With cost of living through the roof, Canadians have plunged deep into debt. The latest monthly credit aggregates from Statistics Canada (StatCan) puts the total credit liabilities of households -- including mortgage and non-mortgage loan debt -- at $2,811.4B as of November 2022. That figure is up $7.5B. or 0.3%, from one month prior.

Although mortgage debt was up 7.6% year over year, it observed a slower pace of growth for the sixth straight month, rising just 0.3% to $2,086.6B in November. This tells us that Canadians are largely steering clear of home purchases -- reflected in sales volumes, which declined 3.5% in November -- as inflation rages on and the high interest rate environment continues to escalate the cost of borrowing.

READ: Canadian Inflation Hit 40-Year High in 2022 Despite Small December Dip

Tepid home-buying demand is in spite of the long-awaited reality that prices are coming down. The average selling price declined for the eighth time in nine months in November, and according to the New Housing Price Index, which is not seasonally adjusted, new home prices were down 0.2%, marking a third straight monthly decline.

Non-mortgage debt increased 0.2% to $724.8B. The latter extends to include credit card debt with chartered banks, up 0.9% in November after rising 1.7% in October.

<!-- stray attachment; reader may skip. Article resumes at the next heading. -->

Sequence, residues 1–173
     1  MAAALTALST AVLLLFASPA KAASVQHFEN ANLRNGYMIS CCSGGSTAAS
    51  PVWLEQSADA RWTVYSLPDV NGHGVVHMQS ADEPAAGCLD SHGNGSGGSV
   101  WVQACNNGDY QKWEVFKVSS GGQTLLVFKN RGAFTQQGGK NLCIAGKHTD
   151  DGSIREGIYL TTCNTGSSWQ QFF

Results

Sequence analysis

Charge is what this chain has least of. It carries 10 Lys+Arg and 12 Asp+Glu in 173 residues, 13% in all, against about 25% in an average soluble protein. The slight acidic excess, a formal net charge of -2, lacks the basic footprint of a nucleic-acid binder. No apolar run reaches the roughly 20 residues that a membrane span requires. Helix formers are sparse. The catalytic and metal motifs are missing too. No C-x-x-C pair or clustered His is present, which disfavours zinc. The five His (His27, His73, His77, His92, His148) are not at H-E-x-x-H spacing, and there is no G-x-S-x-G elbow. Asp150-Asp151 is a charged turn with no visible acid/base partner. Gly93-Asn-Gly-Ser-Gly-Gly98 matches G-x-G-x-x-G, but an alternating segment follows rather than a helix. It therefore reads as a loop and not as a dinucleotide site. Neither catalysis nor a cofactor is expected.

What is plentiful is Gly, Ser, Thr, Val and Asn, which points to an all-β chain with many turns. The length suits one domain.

“The increase in November pushed credit card balances higher than their previous peak level recorded in February 2020, before the COVID-19 pandemic,” states StatCan. “Certain households may have been more reliant on credit card debt to meet short-term obligations as increasing interest rates and inflationary pressures affected households' ability to manage their debt.”

The government agency also reports that real estate secured debt, composed of both mortgage debt and home equity lines of credit, increased 0.3% to $2,257.4B in November, while home equity lines of credit alone saw a mild rise of around 0.06% to $170.8B.

“Recent increases in mortgage and non-mortgage loan balances observed through these estimates are likely to have varying impacts on households, depending on their economic and demographic characteristics,” the report goes on to say. “As indicated in the latest estimates from the Distributions of Household Economic Accounts, more economically vulnerable households had higher-than-average increases in their debt in the third quarter of 2022 relative to the same quarter a year earlier, especially the lowest 40% of wealth holders (+7.9%) and those less than 45 years old (+2.4%).”